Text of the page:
But the female-dominated jobs pay significantly less. This is inexplicable. Why is a housekeeper worth less than a janitor? Why is a parking meter reader worth less than an electrical meter reader? Why is a social worker worth less than a probation officer?
Commentator Debbie Hines writes on OpEdNews.com today:
Women’s salaries are outpaced by men almost everywhere from the highest paying occupation to the lowest paying occupations. Everywhere from doctors and lawyers to cashiers and lesser positions, women earn less than their male counterparts.
The Fair Pay Act would also require employers to publicly disclose their job categories and their pay scales, without requiring specific information on individual workers. Under current law women who believe they are the victim of pay discrimination must file a lawsuit and endure a drawn-out legal discovery process to find out whether they make less than the man working beside them.
It took Lilly Ledbetter nearly 20 years before she discovered she was being paid less than men doing the same job and was able to file suit. After the U.S. Supreme Court ruled against her in 2007, Congress passed the Lilly Ledbetter Fair Pay Act that helps level the playing field for victims of wage discrimination that President Obama signed in 2009. Says Harkin:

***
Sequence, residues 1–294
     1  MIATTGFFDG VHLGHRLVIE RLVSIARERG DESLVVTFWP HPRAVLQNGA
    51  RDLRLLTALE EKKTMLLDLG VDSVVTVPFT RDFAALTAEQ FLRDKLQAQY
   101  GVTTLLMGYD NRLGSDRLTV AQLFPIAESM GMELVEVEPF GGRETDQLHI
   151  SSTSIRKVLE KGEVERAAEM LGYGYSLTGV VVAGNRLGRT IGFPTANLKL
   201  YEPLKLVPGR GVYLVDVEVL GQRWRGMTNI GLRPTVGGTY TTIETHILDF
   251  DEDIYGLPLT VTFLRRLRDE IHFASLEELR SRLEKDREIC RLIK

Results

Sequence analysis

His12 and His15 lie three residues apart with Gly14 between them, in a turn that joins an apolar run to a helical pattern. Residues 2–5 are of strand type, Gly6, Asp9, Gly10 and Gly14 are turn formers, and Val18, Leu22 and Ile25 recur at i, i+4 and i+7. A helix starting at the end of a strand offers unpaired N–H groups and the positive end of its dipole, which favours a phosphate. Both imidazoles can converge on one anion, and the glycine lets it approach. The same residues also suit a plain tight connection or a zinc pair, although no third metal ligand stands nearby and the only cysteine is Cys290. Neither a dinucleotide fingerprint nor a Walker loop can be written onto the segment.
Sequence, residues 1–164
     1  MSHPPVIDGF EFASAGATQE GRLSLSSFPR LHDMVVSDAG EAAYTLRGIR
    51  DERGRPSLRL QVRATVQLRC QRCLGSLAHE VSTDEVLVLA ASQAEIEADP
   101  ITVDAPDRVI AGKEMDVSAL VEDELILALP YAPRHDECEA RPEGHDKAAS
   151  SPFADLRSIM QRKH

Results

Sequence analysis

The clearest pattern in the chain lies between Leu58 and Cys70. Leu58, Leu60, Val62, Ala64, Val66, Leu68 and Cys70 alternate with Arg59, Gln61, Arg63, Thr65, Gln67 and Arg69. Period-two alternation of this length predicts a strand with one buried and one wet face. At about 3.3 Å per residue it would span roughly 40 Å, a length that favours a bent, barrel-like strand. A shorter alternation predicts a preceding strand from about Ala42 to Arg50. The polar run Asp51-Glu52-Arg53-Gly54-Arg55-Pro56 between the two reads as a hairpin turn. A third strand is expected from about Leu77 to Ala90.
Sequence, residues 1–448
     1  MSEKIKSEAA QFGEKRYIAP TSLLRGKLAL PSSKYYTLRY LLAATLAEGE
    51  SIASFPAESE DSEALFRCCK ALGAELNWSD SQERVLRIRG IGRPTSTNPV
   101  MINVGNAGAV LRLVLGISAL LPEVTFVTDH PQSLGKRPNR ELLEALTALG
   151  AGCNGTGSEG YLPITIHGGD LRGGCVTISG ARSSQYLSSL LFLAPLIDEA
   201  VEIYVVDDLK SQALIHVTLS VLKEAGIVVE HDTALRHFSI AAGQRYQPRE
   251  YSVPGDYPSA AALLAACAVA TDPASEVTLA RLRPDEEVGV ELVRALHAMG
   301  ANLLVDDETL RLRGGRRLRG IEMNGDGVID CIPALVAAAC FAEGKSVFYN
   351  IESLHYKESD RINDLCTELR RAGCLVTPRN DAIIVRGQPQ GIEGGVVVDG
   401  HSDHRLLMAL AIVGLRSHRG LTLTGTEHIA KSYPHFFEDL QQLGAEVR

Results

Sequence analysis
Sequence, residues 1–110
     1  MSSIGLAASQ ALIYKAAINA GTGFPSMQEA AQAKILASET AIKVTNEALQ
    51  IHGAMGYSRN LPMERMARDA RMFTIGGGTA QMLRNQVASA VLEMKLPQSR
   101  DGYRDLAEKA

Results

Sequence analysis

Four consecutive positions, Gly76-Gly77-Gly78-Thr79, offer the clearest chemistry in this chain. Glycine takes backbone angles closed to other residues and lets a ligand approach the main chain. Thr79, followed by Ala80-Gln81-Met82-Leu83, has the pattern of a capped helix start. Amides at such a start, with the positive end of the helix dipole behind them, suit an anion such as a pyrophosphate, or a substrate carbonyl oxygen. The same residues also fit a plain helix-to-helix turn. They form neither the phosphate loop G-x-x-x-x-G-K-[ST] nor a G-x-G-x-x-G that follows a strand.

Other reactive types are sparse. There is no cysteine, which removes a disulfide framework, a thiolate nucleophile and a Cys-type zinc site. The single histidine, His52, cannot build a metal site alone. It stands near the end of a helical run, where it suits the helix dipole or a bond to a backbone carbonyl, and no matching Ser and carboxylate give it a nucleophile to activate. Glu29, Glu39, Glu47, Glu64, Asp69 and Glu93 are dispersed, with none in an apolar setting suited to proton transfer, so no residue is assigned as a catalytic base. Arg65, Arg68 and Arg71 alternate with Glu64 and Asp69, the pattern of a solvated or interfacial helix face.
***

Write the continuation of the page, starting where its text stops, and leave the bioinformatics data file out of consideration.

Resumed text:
On this Equal Pay Day, let us make sure that what happened to Lilly never happens again by recommitting to eliminate discrimination in the workplace and make equal pay for equal work a reality
Click here for more information on the Fair Pay Act.
About the Author: Mike Hall is a former West Virginia newspaper reporter, staff writer for the United Mine Workers Journal and managing editor of the Seafarers Log. He came to the AFL- CIO in 1989 and has written for several federation publications, focusing on legislation and politics, especially grassroots mobilization and workplace safety. When his collar was still blue, he carried union cards from the Oil, Chemical and Atomic Workers, American Flint Glass Workers and Teamsters for jobs in a chemical plant, a mining equipment manufacturing plant and a warehouse. He has also worked as roadie for a small-time country-rock band, sold his blood plasma and played an occasional game of poker to help pay the rent.
This blog originally appeared in AFL-CIO on April 12, 2011. Reprinted with Permission.